An eye-opener for Basalt firefighters |

An eye-opener for Basalt firefighters

BASALT ” The Basalt fire department netted $160,000 by helping battle forest fires in other parts of the country last year, but the lessons local firefighters learned were invaluable.

The Basalt fire department sent a fire truck and various sized crews to six fires outside the state and three within Colorado in 2007. Basalt fire chief Scott Thompson said the special deployments gave him and other firefighters a chance to observe the latest techniques and equipment used against wildland fires.

One of the most important lessons that Thompson said he learned is that he wouldn’t ask his largely volunteer force to take the risks that fire departments in many other parts of the country are taking.

It’s not a question of skill. It’s about safety.

Thompson said he has observed firefighters in California and along the Georgia/Florida border head into precarious situations to save houses. There were times, he said, when firefighters drove up narrow roads or driveways to protect houses that were surrounded by thick vegetation. In his opinion, those firefighters were at risk of getting cut off by the flames. For him, that’s too great of a risk for the sake of saving property.

The lessons came at a time when the Roaring Fork Valley’s growth is pushing development farther into the backcountry. An increased amount of development is occurring in what firefighters call the urban-wildland interface. In practical terms, it’s the places where the mansions are getting built next to national forest.

“The public expects us to drive a fire truck between a fire and their house to put a fire out. I’m not willing to do that,” Thompson said.

Property owners have to take some of the responsibility for keeping their homes safe from forest fires, he said. That means using construction techniques appropriate for those areas, and creating defensible space by clearing trees and vegetation away from houses. While assessing a fire, Thompson said, he and other leaders of the department will look for houses that have defensible space and concentrate on saving them.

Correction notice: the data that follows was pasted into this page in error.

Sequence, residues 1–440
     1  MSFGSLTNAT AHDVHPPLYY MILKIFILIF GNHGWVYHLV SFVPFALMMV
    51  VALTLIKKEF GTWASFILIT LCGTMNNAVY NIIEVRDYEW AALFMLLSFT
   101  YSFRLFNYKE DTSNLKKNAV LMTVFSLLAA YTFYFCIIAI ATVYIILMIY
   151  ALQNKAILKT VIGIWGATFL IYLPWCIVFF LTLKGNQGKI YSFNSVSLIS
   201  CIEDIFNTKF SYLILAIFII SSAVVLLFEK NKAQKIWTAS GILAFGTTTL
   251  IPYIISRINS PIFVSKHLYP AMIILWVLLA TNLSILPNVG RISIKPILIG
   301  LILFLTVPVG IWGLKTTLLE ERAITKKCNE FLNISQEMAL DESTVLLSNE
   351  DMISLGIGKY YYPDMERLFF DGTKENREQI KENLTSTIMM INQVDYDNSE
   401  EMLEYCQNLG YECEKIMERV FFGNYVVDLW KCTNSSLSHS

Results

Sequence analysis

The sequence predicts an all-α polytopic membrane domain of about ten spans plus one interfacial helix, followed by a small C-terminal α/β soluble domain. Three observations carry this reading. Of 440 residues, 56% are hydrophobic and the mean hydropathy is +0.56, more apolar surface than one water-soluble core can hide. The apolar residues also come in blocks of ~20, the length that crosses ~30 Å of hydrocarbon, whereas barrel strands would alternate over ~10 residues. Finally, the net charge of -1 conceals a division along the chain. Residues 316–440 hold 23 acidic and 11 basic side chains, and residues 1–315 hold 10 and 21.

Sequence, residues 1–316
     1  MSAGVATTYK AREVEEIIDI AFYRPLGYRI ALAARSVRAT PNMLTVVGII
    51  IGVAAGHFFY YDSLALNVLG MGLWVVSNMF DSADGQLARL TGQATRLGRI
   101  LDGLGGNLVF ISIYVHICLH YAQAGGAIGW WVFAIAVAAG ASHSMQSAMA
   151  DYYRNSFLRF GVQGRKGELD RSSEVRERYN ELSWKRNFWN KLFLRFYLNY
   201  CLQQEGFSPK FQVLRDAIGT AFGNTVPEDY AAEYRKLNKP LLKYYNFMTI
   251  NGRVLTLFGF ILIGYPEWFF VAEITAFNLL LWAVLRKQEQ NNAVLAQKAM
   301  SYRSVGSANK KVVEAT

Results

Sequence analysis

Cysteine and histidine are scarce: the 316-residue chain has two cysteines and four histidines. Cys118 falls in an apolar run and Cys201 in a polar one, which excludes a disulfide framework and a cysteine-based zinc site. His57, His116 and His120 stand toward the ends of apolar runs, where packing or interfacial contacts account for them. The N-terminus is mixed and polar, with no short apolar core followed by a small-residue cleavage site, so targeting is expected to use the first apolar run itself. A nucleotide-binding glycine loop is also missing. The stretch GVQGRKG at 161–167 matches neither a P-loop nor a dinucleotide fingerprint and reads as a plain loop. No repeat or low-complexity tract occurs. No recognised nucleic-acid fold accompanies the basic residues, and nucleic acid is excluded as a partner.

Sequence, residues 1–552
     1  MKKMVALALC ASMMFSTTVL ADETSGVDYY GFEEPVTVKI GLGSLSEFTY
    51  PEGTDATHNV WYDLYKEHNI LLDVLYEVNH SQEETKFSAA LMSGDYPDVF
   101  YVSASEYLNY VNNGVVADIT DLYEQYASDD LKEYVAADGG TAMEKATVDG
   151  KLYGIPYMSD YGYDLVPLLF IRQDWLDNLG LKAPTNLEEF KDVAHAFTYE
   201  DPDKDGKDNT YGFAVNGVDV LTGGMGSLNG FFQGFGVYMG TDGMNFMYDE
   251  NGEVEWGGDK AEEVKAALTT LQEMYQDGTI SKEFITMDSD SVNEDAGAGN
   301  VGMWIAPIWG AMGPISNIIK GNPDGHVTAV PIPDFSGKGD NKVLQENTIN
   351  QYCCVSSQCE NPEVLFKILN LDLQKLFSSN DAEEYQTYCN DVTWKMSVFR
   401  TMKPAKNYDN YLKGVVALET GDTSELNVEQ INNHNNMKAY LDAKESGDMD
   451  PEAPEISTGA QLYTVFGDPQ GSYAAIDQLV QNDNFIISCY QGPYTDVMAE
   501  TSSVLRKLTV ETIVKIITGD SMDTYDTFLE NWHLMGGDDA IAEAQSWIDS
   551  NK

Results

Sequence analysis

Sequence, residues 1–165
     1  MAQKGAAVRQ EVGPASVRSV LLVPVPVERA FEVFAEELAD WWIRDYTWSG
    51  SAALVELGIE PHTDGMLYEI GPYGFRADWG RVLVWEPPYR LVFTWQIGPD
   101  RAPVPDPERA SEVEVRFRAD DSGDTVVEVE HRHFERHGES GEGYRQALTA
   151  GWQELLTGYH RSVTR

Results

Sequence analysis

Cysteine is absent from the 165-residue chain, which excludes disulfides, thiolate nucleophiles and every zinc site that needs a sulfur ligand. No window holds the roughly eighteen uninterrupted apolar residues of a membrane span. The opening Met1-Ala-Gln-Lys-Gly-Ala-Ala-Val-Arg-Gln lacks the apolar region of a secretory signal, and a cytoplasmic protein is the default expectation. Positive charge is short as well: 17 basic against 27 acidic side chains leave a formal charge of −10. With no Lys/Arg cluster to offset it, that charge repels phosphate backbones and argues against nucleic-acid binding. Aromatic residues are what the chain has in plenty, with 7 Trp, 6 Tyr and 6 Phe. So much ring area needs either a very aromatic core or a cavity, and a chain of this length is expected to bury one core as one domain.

“I look at it as the safety of firefighters,” he said.

Basalt’s deployment on wildland fires around the country wasn’t unique. Aspen and Carbondale sent crews as well.

Federal firefighting agencies keep a list of resources that are available. A department, such as Basalt, can join that list with a pledge to send a truck and crew when summoned.

The raging forest fires in California last summer and fall stretched firefighting resources thin and organizers scrambled for help. In some cases when it got called out to California and elsewhere, Basalt’s department played a role in fighting the forest fires; in other cases, the crew staffed a fire station in a town so that the town’s fire department could throw all its resources at the wildland fire.

Basalt firefighters get paid by the states of the feds for the time they spend on the special deployments and the Basalt fire department is compensated for its equipment and assistance. The fire department purchased special equipment, such as a thermal energy indicator, with the $160,000 it netted last year. Over the years, combined revenues from the deployments have paid for the department’s acquisition of a four-wheel-drive fire truck specially equipped for wildland fires.

Thompson said he was surprised to find that so many of the places he has visited aren’t promoting defensible space. Their efforts are placed on battling fires rather than preventing them. He wants the Roaring Fork Valley to avoid that losing proposition.

Roaring Fork Valley residents who are concerned about creating defensible space around their homes can contact their local fire department for advice.

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